Dealing With a Healthcare Data Breach:

A Step-by-Step Guide

The health industry routinely deals with some of the most sensitive data in the world. Healthcare professionals have a duty of care to ensure that information does not fall into the wrong hands. Unfortunately, as with any industry, a data breach is sometimes unavoidable. What matters is how you deal with one when it does happen.

When it comes to data breaches, it’s often more a question of ‘if’ than ‘when.’ With threat surfaces growing larger by the day and no end to the cybersecurity skills shortage in sight, our data has never been in more danger. And nowhere is that more troubling than in the health industry.

Healthcare professionals routinely deal with some of the most sensitive data in the world – Protected Health Information which includes everything from names and addresses to medical history and social security numbers. They must do everything in their power to keep that information safe. But what happens when they lose a step in that?

What happens when, in spite of its best efforts, a healthcare organization suffers a data breach?

As a health professional, your duty of care extends beyond protecting patient data. It also includes being accountable and transparent when that data is put at risk. Let’s talk about that.

Before The Breach: Make Sure You’re Ready For The Worst

At the end of the day, the only difference between a catastrophic breach and a manageable one is how prepared the victim was before it happened. Your first step in that regard is to establish total visibility and control over all PHI within your organization. First, make sure you familiarize yourself with all the cybersecurity requirements covered by HIPAA – access control, physical safeguards, and so on.

Visibility is also essential; you should be able to determine at a moment’s notice where each piece of PHI within your organization resides and how it is being used.

You’ll also want to encrypt data both at-rest and in motion. Although HIPAA doesn’t specifically mandate such measures, the Office for Civil Rights has gone on-record saying that encrypted health data is considered to be a ‘safe harbor.’ In other words, breaches that involve encrypted data don’t count as breaches under HIPAA.

Beyond that, you’ll want to implement strong policies that establish the following:

  • Acceptable use for devices which work with PHI – this should include strictures that PHI is not to be stored on laptops, desktops, removable media, or mobile devices.
  • A privacy policy which establishes how PHI is to be accessed, used, and stored
  • An incident response plan that establishes which employees are responsible for monitoring, discovery, investigation, and disclosure.

Determine What Happened

Your first step in investigating any data breach is to figure out both how the breach happened and what data was compromised. This is precisely the reason the safeguards and controls we discussed in the previous step are so critical. By knowing where every piece of PHI within your organization resides, you’ll be able to determine what data might be at-risk whenever unauthorized access occurs.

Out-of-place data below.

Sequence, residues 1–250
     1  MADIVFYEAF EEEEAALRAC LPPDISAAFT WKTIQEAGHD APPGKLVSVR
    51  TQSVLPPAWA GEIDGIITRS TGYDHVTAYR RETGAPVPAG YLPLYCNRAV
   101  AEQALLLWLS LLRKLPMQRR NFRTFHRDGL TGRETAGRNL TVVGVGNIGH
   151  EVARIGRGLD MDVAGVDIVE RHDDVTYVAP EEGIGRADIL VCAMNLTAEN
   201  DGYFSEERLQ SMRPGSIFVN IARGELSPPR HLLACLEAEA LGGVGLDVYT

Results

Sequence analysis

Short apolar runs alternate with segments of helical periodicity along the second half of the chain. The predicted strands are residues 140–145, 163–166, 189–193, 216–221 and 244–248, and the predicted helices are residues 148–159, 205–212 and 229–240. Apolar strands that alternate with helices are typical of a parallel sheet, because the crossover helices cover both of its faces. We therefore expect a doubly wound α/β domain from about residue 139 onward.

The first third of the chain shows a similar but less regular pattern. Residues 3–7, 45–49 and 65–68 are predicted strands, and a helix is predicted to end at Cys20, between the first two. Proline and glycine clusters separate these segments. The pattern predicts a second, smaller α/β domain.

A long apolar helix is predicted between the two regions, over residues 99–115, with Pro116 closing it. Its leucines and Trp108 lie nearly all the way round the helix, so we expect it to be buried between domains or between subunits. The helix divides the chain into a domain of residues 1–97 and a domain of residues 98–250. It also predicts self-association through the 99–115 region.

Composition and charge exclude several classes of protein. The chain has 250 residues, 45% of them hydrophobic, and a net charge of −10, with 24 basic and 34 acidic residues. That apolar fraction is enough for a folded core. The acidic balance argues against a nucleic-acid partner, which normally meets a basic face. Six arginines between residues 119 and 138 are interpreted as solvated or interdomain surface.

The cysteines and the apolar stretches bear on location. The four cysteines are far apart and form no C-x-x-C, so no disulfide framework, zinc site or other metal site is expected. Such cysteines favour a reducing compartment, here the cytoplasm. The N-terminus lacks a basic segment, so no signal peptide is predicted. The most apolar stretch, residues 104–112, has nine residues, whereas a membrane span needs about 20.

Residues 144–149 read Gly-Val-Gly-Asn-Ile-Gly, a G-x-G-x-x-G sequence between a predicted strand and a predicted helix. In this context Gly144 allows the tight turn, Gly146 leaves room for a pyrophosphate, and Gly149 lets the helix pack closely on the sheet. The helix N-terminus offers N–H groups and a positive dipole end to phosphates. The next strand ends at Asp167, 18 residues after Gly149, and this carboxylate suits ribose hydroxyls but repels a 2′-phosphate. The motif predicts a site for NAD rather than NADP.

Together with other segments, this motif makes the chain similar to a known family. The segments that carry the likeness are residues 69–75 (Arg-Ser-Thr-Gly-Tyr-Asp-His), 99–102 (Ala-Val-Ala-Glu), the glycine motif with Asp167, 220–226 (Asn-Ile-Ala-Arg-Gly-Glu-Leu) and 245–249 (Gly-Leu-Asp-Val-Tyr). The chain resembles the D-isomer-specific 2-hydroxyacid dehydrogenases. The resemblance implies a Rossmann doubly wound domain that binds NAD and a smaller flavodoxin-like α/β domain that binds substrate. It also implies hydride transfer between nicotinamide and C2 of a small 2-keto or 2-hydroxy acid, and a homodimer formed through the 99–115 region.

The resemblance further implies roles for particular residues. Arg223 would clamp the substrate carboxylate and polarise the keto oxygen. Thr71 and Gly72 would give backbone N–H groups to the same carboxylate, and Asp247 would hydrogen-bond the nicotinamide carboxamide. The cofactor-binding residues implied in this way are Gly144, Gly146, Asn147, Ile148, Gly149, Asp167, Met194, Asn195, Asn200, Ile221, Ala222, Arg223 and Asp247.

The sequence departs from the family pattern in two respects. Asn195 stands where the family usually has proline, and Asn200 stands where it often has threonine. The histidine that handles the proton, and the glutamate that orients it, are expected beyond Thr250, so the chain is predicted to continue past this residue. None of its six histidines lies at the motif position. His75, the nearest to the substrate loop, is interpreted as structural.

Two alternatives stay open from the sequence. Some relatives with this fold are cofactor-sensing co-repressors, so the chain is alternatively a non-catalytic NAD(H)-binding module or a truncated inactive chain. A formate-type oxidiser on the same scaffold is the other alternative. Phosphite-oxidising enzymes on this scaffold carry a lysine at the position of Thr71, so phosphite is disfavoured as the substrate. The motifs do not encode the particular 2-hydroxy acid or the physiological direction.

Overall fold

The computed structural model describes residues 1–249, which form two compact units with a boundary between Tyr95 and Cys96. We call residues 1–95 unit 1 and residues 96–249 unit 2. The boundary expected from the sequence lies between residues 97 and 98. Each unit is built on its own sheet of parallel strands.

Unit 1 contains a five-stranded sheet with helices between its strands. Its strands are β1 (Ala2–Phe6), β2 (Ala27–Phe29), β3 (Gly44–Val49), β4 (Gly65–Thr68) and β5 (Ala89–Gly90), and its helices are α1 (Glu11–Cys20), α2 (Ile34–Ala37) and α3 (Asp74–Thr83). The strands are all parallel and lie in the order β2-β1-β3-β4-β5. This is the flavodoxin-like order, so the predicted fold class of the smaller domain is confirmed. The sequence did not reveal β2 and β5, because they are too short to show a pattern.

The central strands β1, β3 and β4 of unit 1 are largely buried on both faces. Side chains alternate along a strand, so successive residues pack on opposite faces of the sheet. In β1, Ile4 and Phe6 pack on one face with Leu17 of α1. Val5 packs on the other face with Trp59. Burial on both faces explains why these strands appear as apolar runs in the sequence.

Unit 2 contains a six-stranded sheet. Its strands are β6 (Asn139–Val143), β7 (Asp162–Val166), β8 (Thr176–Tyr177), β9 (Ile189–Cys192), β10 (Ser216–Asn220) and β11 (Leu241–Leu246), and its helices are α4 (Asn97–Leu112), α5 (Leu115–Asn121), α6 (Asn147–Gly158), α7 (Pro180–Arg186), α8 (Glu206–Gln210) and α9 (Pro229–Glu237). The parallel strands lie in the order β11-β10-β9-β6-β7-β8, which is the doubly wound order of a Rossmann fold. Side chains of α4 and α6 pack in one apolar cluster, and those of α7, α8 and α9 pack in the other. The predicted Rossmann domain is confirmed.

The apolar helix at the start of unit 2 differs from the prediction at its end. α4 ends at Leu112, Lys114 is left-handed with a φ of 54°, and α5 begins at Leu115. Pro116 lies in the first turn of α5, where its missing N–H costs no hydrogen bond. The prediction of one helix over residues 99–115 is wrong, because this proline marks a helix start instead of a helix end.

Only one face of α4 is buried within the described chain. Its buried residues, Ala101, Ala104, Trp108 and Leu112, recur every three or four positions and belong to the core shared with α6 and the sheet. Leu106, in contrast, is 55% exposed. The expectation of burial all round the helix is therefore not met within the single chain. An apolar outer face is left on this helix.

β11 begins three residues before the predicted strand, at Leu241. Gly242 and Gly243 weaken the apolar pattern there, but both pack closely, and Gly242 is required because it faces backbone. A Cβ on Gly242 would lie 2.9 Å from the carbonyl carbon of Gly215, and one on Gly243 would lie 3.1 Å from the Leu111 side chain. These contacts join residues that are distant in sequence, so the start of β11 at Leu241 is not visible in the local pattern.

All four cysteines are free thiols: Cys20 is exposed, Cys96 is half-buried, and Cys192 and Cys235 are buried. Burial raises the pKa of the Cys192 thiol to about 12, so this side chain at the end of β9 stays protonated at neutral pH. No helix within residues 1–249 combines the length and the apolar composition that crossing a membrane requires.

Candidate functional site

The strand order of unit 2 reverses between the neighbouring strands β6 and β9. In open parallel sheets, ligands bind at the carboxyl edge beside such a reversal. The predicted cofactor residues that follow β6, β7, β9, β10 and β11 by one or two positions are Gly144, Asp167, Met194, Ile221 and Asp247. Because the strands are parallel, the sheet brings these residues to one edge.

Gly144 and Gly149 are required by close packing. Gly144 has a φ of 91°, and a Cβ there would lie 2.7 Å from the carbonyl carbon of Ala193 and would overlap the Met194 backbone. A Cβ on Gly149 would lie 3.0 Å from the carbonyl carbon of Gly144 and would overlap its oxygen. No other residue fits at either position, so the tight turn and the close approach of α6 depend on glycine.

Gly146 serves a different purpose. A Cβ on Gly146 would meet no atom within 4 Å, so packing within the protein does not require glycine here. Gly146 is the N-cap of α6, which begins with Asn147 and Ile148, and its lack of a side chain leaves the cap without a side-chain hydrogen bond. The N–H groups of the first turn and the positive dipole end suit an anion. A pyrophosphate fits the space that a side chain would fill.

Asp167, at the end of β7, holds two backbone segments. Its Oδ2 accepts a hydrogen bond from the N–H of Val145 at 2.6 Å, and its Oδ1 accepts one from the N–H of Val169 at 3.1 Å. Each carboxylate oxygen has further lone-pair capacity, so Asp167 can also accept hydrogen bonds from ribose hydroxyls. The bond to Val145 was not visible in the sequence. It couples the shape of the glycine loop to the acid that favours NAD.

The moment you suspect something is amiss, assemble your response team and set them to work determining if a breach occurred, how large the breach might be, and what data might have been affected. Once you’ve identified which data has been compromised, preserve it as-is – you may need it if OCR opts to conduct an investigation.

Notify The Affected Parties

Your next step is to notify every patient who may potentially have been impacted by the breach. Maintain open communication with them at all times, and keep them continually apprised of any updates in your investigation. The more open and honest you are here, the better – if possible, it may even be worth your time to arrange an open helpline for anyone with questions about their data.

Disclose The Breach To The Public

If the data breach impacts 500 or more patients, your next step is to notify the public. Emphasize what your organization is doing to mitigate the damage and prevent the same thing from happening again. The sooner you’re able to do this, the better – the most damaging breaches are those in which the affected organization waits too long before disclosing what transpired.

Analyze What Can Be Done Differently In The Future

Last but certainly not least, once the dust has settled, you’ll want to meet with your team to evaluate both the breach and your response. Determine what could have been done to prevent it, and how your response can be improved for next time. Once you’ve established this, it may be worthwhile to send out one last email to all affected parties letting them know how you will keep their data safe in the future.

No organization wants to deal with a data breach, least of all a healthcare agency. Unfortunately, at one point or another, you may have to. Your best bet is to proceed with the assumption that a breach is inevitable, and that you must mitigate it however possible.

Because at the end of the day, the damage done by a breach is all about how well you prepared – and how well you handled yourself in the aftermath.

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